The tricky part is figuring out what the function of the behavior is...so many behaviors can look the same, but serve a different function for each person doing them.  For instance, let's look at an example of a student who runs away.



Thursday, January 4, 2018

How to Teach Students to Solve Conflicts with Peers

So many of our students with ASD have some sort of goal around learning social skills.  One social skill many of my students struggled to deal with was conflicts with their peers.  And trying to put on my teacher mediator hat and teach them how to deal with it in the moment wasn't enough.  They needed pre-teaching of the skills prior to being able to utilize them in real life scenarios.  Which brings me to today's post on a couple, simple teaching tools that are differentiated to individual student levels to help them learn how to identify what bothers them and how to problem solve with a peer.

Friday, December 29, 2017

Product Preview: Science Unit on Habitats

This month long unit was just posted on Teachers Pay Teachers and is on sale for the next 24 hours! It focuses on the following 12 vocabulary words centering around Animals and Their Habitats (ocean, farm, rainforest, dolphin, lobster, octopus, cow, pig, chicken, sloth, snake toucan).

This packet includes:
-Materials to create a vocabulary velcro-matching activity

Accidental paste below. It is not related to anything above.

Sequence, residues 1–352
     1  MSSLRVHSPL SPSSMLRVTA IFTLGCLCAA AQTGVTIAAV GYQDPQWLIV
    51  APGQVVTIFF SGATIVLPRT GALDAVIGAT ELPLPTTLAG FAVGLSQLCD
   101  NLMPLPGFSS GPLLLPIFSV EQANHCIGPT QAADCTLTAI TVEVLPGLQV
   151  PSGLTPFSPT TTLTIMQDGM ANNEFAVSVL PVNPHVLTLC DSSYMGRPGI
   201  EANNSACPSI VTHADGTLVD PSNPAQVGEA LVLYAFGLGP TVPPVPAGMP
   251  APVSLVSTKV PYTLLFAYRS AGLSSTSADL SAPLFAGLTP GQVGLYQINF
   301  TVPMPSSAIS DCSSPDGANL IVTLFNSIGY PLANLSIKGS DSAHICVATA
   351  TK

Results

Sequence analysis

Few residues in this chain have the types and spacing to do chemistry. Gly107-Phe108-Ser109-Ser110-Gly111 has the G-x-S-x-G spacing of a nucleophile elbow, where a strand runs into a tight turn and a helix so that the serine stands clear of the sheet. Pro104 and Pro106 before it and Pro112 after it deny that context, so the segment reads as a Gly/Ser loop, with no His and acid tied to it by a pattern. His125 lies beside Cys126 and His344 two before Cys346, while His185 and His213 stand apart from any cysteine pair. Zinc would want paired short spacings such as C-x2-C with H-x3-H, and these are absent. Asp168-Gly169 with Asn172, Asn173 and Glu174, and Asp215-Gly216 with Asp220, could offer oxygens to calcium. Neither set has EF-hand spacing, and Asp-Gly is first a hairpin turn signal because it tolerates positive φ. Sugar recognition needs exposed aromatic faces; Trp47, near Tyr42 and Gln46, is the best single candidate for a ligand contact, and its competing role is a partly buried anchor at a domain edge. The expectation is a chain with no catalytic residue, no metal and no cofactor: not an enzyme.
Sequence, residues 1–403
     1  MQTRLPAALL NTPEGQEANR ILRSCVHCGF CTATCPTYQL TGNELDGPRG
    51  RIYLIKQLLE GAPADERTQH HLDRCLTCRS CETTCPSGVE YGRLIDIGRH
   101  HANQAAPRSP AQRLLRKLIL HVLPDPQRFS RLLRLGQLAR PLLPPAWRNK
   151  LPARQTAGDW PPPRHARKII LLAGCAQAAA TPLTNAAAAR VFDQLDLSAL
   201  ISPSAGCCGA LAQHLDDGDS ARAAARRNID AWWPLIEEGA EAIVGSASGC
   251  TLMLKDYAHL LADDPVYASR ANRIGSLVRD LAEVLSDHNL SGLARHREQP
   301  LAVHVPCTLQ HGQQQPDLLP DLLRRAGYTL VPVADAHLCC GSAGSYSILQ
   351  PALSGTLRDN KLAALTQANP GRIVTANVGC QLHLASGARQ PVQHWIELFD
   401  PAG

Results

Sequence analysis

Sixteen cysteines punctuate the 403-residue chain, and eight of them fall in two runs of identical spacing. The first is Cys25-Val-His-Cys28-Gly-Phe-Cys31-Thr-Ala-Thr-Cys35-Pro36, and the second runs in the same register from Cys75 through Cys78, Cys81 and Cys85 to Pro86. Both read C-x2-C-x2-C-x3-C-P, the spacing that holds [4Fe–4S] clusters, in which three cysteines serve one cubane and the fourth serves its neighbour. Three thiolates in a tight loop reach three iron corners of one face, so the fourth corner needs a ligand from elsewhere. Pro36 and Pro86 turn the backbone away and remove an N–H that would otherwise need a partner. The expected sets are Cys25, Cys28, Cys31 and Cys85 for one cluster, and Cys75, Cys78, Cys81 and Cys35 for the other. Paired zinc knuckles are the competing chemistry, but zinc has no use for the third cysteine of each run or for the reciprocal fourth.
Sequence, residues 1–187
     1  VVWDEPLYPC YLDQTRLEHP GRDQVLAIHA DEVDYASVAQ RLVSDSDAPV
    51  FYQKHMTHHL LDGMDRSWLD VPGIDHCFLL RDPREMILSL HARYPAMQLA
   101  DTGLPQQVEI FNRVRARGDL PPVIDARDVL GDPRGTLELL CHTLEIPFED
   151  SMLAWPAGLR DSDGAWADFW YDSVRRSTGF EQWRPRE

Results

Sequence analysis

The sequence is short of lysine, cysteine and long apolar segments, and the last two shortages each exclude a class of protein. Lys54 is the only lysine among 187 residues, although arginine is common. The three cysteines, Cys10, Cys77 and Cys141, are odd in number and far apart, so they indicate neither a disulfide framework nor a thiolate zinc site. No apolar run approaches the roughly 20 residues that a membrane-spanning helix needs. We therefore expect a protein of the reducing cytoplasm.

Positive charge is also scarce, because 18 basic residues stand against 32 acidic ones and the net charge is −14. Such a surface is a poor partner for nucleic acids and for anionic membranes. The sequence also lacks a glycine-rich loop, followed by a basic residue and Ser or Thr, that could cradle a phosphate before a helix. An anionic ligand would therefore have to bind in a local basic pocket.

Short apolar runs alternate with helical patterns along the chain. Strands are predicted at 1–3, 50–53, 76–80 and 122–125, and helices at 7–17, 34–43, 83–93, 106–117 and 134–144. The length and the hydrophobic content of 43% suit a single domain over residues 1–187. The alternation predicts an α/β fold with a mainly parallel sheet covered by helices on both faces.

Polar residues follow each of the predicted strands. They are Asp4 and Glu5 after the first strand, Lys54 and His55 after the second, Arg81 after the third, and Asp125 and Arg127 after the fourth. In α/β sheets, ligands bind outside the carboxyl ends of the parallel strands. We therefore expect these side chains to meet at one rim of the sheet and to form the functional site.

-Flashcards
-3 Levels of Assessments
-17 different worksheets
-2 Games (Bingo and Memory).  Multiple versions based on level of difficulty.
-1 Adapted book (with matching pieces and comprehension worksheet)
-11 Journal pages (includes 2 levels of difficulty)
-Parent note home about the unit
-1 Cover sheet for kids to color and use as a cover for all their completed work.

This unit has materials for learners at different levels.   Also, it includes a variety of worksheets which allow my students to work on their science IEP goals as well as a variety of other goals (language arts, math, speech, and OT).  I use this unit over the course of an entire month.  The kids repeat some of the work, but the repetition seems to help them learn the concepts as well as work on becoming more independent.

Thursday, August 17, 2017

10 Tips for Incorporating Sensory Strategies into Your Day

"He's overstimulated" "He needs a sensory space" "Maybe a fidget would help him focus" Do these phrases sound familiar? I feel like there is so much talk about sensory needs and fidgets these days and this topic can quickly become overwhelming.  I have no formal training in "sensory needs" (make sure you are consulting with your OTs since they are the experts), but we (teachers, parents, etc.) have invaluable knowledge about our students as well.  We know that some of our students need more movement in their day and that certain activities amp them up, while others seem to calm them down. Use that information (and take data) when deciding what sensory strategies you want to try to help keep your students calm, focused, and ready to learn.
Here are just some examples of sensory strategies you can try with your students...please leave me comments with any other ideas you have found to be successful...I love to hear things that are working for your students!